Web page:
This topic is about the electric longboard I recently completed. In this post, I’ll try to give an overview of how it works, and how it was built. If you are interested in more details, please ask, I’ll be happy to answer.
First, I have to say that this forum was a very useful source of information, inspiration, and know-how. Thank you to all the members! I joined the forum only recently, but I was following it for a long time!
Before going into the details, this is what it looks like in the end:
Why am I making a custom electric longboard?
I could have just bought a ready-to-ride electric longboard, this would have been less expensive, and dramatically less time-consuming. However, I could not find a board that looked safe enough for the steep slopes of Lausanne, where I live. These are the points that really frightened me, and that I needed to address:
- It is not possible to brake effectively at high speed for a long time, while going downhill. The braking power normally goes back to the battery, but what if the power is too high or the battery is full? Either the cells are damaged (no limits in the ESC configuration), or the braking torque decreases with speed (limited regen current and cell voltage).
- In the case a mosfet blows, a possible failure mode is shorting two phases of the motor, which leads to an unexpected strong braking effect and a hard fall.
- For sharp turns, you need lose trucks and soft bushings, but this may lead to speed wobble.
And finally, I simply wanted to train my electronics skills! So, I started this project that involved not only the usual DIY of mechanically making the board, but also the design of the PCBs themselves!
Summary of the uncommon features of this board:
- Self-balancing “segway” mode for sharper turns at low speed, or even turning in place.
- Large resistor to dissipate power when regenerative braking is not enough (battery full, or charge current limitation).
- Headlights that support both directions. The rear red light is also lit brighter when braking.
- Electro-mechanical relays on the ESC: avoids blocking the motors if the microcontroller stalls or a mosfet fails. This also allows pushing the board with less resistance, when it is unpowered.
- Deck: Loaded Icarus.
- Trucks: Paris Trucks V2, 195mm.
- Wheels: Orangatang Kegel 80mm, 80a.
- Motors: dual NTM propdrive from HobbyKing, 5060, 270 RPM/V, modified termination (delta to star) which results in 156 RPM/V.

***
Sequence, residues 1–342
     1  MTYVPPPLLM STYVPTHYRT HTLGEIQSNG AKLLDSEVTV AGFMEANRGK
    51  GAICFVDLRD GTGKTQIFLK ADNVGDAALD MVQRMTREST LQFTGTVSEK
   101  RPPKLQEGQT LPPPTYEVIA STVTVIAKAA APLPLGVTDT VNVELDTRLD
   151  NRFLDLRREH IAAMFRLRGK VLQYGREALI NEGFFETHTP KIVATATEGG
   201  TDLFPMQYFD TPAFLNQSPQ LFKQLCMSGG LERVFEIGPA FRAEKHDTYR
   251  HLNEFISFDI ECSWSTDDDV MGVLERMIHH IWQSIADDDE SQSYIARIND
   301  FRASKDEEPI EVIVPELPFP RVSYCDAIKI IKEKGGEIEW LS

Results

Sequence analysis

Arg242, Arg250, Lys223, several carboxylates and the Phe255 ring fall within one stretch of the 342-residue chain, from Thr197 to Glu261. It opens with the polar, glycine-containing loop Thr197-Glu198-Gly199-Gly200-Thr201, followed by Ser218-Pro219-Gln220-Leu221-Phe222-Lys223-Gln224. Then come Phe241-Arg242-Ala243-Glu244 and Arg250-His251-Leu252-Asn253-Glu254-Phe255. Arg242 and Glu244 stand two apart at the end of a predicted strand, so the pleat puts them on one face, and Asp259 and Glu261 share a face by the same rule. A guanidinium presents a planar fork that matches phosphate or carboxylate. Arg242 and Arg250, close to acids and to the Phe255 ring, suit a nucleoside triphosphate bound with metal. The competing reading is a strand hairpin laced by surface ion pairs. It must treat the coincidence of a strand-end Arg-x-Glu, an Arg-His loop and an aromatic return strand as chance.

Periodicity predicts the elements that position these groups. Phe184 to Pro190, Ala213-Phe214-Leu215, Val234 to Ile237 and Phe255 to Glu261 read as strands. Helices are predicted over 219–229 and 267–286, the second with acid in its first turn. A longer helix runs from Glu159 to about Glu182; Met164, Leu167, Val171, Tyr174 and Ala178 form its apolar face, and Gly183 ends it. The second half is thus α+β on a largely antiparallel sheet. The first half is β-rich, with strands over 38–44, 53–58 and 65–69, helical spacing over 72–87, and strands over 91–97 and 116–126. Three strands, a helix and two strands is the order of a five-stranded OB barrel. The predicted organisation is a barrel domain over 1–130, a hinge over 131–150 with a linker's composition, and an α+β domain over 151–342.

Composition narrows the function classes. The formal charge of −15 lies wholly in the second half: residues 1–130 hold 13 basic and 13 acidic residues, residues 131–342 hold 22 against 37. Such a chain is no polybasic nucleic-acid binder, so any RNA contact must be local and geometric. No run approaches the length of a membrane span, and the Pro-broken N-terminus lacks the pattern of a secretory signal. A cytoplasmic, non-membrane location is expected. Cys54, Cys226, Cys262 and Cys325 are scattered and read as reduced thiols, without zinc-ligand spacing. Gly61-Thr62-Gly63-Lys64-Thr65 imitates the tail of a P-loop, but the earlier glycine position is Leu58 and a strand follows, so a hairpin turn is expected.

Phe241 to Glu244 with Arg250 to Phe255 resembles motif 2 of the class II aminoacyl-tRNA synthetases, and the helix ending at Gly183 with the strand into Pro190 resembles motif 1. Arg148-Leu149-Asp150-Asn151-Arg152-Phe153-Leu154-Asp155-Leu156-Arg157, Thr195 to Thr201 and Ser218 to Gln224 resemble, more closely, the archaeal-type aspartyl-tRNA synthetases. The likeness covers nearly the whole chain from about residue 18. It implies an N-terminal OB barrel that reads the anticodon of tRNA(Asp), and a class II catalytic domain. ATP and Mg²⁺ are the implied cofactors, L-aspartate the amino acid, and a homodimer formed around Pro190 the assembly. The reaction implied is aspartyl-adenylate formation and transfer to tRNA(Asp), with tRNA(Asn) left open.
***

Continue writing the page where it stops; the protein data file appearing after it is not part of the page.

- Battery: Samsung 25R cells from NKON, 12S 3P, with Bestech D345 BMS.
- Transmission: 3MGT 15mm synchronous belt, aluminum pulleys, 21/60 gear ratio, because I wanted to climb steep slopes, and I am afraid to go fast.
- Electronics: custom design (more on this later).
- Mass: 8.9 kg.
- Dimensions: 1045 x 285 x 125mm.
- Top speed: software-limited to 25 km/h to comply to the local laws. It should be able to go around 35 km/h otherwise, but I am not capable to ride it so fast yet.
- Endurance: no idea, I should try to measure it.
Building this board
The CAD design was done with Solidworks. Notice how clean it is, when you omit the cables.
Deck: I enjoy riding the Icarus deck, but I am not so fan of the bottom artwork, which would not match the rest of the parts anyway. This is why it was sanded and painted in orange, to match the color of the wheels. I have also added threaded inserts to mount the enclosures later on. This deck is flexible, so I had to go the split enclosure way.
Motors: the motors termination was modified from delta to star, to lower the KV from 270 RPM/V to 156 RPM/V. A thermistor was also glued to the windings with thermal epoxy. Finally, a flat was ground on the motor shaft.
Motor mount: since the Paris Trucks have an irregular conical shape, the lathe was required to obtain a nice cylindrical face and attach the motor mount properly. The motor mounts were machined out of a block of aluminum, with a conventional milling machine (I don’t have access to a CNC unfortunately). There is an idler pulley to prevent belt skipping without having to tighten strongly the belt. These were 3D-printed and fit around a ball bearing.
Pulleys: both the pulleys and the belt were ordered here but needed modifications. The motor pulley needed a grub screw hole and a magnet holder for the magnetic encoder. The wheel pulley was modified with fixation holes and a hole for the ball bearing.
Battery enclosure: a fully 3D-printed enclosure would probably be suject to fatigue stress, and crack between the layers. A full aluminum enclosure would be ugly, because limited to simple angular shapes. This is why I made it based on a folded aluminum plate, with 3D-printed corners.
BMS: the stock heatsinks have been replaced by a threaded block of aluminum. This block is then screwed directly against the aluminum wall of the enclosure, with thermal paste for maximum heat dissipation. I really don’t want this part to fail.
Battery: the battery was challenging to make, because the deck and the enclosure are not flat. I also wanted that the cells are mechanically protected, and that the insulation never only depends on a thin piece of fishpaper or kapton tape. So, each P-group (or pair of P-group) is enclosed in a 3D-printed plastic enclosure, to protect them mechanically and prevent short-circuits between P-groups. They include supports for a copper bus bar, and you get tabs outside to solder your cables on. The nickel strips are first soldered to the copper bar, then spotwelded to the cells. An advantage of this design is that thanks to the looseness of the nickel strips, the spotwelds will never be mechanically stressed because of the possibly different thermal expansion of the cells and the nickel/copper. The positive side of each cell is connected to the bus bar by individual fuses. I was not able to solder reliably the fuses leads directly to the cells, so I soldered them first to a small piece of nickel, that I can spotweld it on the cell. Each balance lead is also fused, and the charge port too. The assembled battery unfortunately looks ugly because of the balance wires and the hot glue to secure the cells modules and the cables. This one is safe, but I’ll definitely look for a better design next time, which optimizes the wiring layout. Or I’ll just choose a stiff deck.